A member of the Avalanche Canada South Rockies field team gathers important snowpack data that is used to produce daily avalanche forecasts for the region. Photo by Jennifer Coulter.

Warming temperatures increase avalanche risk heading into the weekend

Warm temperatures impact conditions, human behaviour

Incoming warm weather has caught the attention of Avalanche Canada’s forecasters, who say that this significant jump in temperatures presents a concern in terms of an increase in avalanche danger. On March 3, in partnership with Parks Canada and Kananaskis Country issued a special Avalanche Warning.

“Typically around this time of year it definitely gets warmer and that starts to make some uncertainties about the snowpack because the extra energy and heat it adds can cause avalanche conditions,” said Avalanche Canada forecaster Simon Horton.

The temperatures are already climbing but will really start to jump up Thursday and Friday and get really warm in the Southern Interior.

READ MORE: Avalanche Canada issues special warning for southern Rockies

Avalanche Canada is on heightened alert in all their forecast regions, particularly in the southern Rockies and Lizard-Flathead regions, areas that already have had complex snowpacks and tricky avalanche conditions for the past month.

The special avalanche warning applies to:

•North Rockies

•Cariboos

•Jasper National Park

•Banff, Yoho and Kootenay National Parks

•Kananaskis Country

•South Rockies

•Lizard and Flathead

•Waterton Lakes National Park

When snow warms it can add extra stress, particularly deeper into the snowpack and if there are any buried weak layers that can become extra stressed by warming, especially on south facing slopes. That extra stress can cause either a natural avalanche release or make it more sensitive if someone is travelling along that slope.

While warming temperatures can often be accompanied by moderate to heavy precipitation, there isn’t much in the forecast for the region, so Avalanche Canada doesn’t have to worry about that complicating the situation.

March is historically the deadliest month for avalanche fatalities. Horton said this is believed to be caused by both avalanche conditions themselves as well as human behaviour.

There is generally more snow on the ground and snowpack depths are greater in March, so there tends to be more potential layers in the snow as well as more mass for avalanches, so the biggest avalanches typically happen around this time of year.

The increased warming also creates more stress on the snow but it also can have an influence on human behaviour.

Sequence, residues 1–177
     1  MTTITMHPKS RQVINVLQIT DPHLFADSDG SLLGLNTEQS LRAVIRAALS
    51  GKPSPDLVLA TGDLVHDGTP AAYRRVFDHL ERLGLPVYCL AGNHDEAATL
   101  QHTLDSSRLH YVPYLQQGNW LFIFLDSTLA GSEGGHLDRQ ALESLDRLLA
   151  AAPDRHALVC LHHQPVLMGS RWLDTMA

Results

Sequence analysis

“People might let their guards down or underestimate the risk when it feels warm and less wintery out in the mountains,” Horton said.

There is also a distinction between conditions in March and those found later into the springtime, when the snowpack is fully warmed up and melting.

“In those springtime conditions it’s actually quite predictable, the danger goes up and down with the temperatures throughout the day,” Horton explained. “However, in March there’s still cold snow on the ground and that cold snow behaves differently and generally less predictably than a true spring snowpack so it’s kind of this transition period between winter and spring where there’s a lot of things at play in the snowpack.”

As always, the organization reminds everyone travelling in the backcountry to take a training course through the Avalanche Canada training program, have the essential gear including shovel, probe and transceiver and to check the forecast for the most up-to-date local conditions.

The warming is a concern to forecasters in all regions, so pay attention and avoid exposure to slopes that are getting direct sunlight and heating up. Horton also said that in the Fernie area in the Lizard-Flathead range, there’s some problem layers in the snowpack that are creating dangerous avalanche conditions in the treeline as well.

“It’s overall trickier to travel and avoid the problems in Fernie so very simple terrain selection is what we’re encouraging in those areas,” he said.

You can find the most current forecasts and conditions at www.avalanche.ca



paul.rodgers@kimberleybulletin

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